2) Romney Loses Again (76)
3) Dookhan Drug Lab Crisis (74)
4) Meningitis Outbreak Traced to Local Pharmacy (52)
5) Health Care Payment Reform Law Passes (33)
6) Tim Cahill Goes To Trial (28)
7) Kerry Nominated for Secretary of State (26)
8) Patrick’s Rising National Profile (26)
9) Medical Marijuana Approved (21)
10) Casino Startup Efforts (20)
COUNTING DOWN THE TOP 10:
10) BRING CASINOS TO MASS. PROVES TRICKIER THAN EXPECTED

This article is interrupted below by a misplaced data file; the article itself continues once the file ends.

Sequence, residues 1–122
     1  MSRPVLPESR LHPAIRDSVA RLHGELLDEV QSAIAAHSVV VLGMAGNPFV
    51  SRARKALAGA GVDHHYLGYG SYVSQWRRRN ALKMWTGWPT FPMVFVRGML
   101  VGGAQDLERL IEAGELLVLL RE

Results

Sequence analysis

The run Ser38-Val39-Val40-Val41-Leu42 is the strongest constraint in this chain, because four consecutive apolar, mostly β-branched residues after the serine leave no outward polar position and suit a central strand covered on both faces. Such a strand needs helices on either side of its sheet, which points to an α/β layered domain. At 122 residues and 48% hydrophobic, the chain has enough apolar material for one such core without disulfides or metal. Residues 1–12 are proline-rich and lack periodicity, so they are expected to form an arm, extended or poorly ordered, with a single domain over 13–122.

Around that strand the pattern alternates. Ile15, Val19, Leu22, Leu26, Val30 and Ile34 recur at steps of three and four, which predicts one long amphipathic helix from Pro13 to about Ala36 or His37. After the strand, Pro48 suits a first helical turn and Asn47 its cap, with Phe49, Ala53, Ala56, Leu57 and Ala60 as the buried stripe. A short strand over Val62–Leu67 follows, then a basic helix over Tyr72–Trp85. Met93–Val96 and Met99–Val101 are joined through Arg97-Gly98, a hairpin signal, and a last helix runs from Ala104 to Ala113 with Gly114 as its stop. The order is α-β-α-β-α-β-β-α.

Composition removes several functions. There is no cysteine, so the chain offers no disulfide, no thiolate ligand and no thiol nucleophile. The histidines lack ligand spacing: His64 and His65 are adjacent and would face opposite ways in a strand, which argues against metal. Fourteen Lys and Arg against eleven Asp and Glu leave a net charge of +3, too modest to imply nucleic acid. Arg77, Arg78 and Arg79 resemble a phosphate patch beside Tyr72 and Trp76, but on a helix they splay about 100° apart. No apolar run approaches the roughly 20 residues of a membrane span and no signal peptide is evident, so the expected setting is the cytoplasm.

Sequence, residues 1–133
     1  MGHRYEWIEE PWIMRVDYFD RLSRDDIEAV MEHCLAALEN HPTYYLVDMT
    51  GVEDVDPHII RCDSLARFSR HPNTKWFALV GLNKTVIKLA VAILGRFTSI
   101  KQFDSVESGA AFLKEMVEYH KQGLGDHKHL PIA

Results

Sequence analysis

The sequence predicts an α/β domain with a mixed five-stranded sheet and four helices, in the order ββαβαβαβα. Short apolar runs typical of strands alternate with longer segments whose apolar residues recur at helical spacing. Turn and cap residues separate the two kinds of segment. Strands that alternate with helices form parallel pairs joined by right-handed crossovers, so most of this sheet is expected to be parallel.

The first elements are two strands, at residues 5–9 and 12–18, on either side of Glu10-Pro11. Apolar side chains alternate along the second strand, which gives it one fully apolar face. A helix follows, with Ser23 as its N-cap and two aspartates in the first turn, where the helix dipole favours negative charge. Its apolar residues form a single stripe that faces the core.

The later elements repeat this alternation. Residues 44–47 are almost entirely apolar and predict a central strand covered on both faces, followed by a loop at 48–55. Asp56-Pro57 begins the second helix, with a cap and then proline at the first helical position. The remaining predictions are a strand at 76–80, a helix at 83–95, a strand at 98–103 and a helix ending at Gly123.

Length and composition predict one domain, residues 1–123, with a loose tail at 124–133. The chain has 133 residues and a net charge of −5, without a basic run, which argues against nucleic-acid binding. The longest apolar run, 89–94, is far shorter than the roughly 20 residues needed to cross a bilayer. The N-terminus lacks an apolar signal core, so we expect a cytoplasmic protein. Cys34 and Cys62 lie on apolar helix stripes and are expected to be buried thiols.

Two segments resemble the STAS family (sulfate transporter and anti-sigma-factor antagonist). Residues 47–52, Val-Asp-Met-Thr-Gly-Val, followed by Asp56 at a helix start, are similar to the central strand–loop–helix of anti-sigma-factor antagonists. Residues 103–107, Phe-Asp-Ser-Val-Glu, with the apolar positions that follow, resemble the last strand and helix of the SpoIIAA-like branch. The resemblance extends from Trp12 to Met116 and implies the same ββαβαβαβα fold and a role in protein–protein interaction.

The top story of 2011, the long-debated passage of an expanded gambling law, fell to the bottom of the charts in 2012, but still cracked the Top 10 as the Massachusetts Gaming Commission got to work trying to turn a law from words on paper into actual casino establishments. It’s proving more complicated, and time consuming, than maybe anyone expected. After Beacon Hill leaders came together and agreed on three resort-style casinos spread across the state and one slot parlor, Gov. Deval Patrick got down to negotiations with the Mashpee Wampanoag Tribe for a tribal gaming compact to bring a casino to Taunton, and the Gaming Commission, chaired by Stephen Crosby, started the process of hiring staff, consultants and setting the parameters for applicants to bid on licenses. The Legislature approved a compact with the Wampanoag, but the feds rejected the terms forcing the administration and tribal leaders back to the negotiating table. Casino developer Steve Wynn’s plan to partner with New England Patriots owner Robert Kraft on a Foxborough casino fell apart when voters in that town shunned the idea of casino, and Gaming Commission members tried to stoke a little competition within eastern Massachusetts where for a while it appeared Suffolk Downs might be the only suitors. Applications for licenses are now due in mid-January. Actual casinos are still a long ways off.